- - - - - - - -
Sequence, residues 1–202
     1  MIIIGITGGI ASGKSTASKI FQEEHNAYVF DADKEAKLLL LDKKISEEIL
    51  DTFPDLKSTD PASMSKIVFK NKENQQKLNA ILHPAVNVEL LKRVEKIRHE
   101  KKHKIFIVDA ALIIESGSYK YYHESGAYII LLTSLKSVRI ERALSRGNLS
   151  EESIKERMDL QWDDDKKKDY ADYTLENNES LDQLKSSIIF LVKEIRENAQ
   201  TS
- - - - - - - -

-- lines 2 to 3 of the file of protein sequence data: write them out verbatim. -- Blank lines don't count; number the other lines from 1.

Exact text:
     1  MIIIGITGGI ASGKSTASKI FQEEHNAYVF DADKEAKLLL LDKKISEEIL
    51  DTFPDLKSTD PASMSKIVFK NKENQQKLNA ILHPAVNVEL LKRVEKIRHE